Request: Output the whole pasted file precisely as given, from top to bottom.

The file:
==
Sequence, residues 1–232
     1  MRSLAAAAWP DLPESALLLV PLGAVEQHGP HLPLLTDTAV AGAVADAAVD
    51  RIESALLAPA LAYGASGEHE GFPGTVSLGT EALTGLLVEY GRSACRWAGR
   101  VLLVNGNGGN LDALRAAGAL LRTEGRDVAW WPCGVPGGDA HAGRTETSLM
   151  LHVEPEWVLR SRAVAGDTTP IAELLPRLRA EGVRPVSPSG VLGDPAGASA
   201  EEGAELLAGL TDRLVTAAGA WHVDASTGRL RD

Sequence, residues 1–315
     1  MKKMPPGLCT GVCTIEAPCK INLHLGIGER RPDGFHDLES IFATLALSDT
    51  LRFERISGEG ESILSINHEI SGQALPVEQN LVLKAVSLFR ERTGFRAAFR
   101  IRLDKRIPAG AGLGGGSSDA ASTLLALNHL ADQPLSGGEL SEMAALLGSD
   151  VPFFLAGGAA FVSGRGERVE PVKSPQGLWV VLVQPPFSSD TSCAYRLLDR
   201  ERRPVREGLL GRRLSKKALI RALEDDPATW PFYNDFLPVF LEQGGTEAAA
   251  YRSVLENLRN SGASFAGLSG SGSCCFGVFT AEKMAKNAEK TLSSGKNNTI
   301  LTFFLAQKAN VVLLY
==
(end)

Sequence, residues 1–232
     1  MRSLAAAAWP DLPESALLLV PLGAVEQHGP HLPLLTDTAV AGAVADAAVD
    51  RIESALLAPA LAYGASGEHE GFPGTVSLGT EALTGLLVEY GRSACRWAGR
   101  VLLVNGNGGN LDALRAAGAL LRTEGRDVAW WPCGVPGGDA HAGRTETSLM
   151  LHVEPEWVLR SRAVAGDTTP IAELLPRLRA EGVRPVSPSG VLGDPAGASA
   201  EEGAELLAGL TDRLVTAAGA WHVDASTGRL RD

Sequence, residues 1–315
     1  MKKMPPGLCT GVCTIEAPCK INLHLGIGER RPDGFHDLES IFATLALSDT
    51  LRFERISGEG ESILSINHEI SGQALPVEQN LVLKAVSLFR ERTGFRAAFR
   101  IRLDKRIPAG AGLGGGSSDA ASTLLALNHL ADQPLSGGEL SEMAALLGSD
   151  VPFFLAGGAA FVSGRGERVE PVKSPQGLWV VLVQPPFSSD TSCAYRLLDR
   201  ERRPVREGLL GRRLSKKALI RALEDDPATW PFYNDFLPVF LEQGGTEAAA
   251  YRSVLENLRN SGASFAGLSG SGSCCFGVFT AEKMAKNAEK TLSSGKNNTI
   301  LTFFLAQKAN VVLLY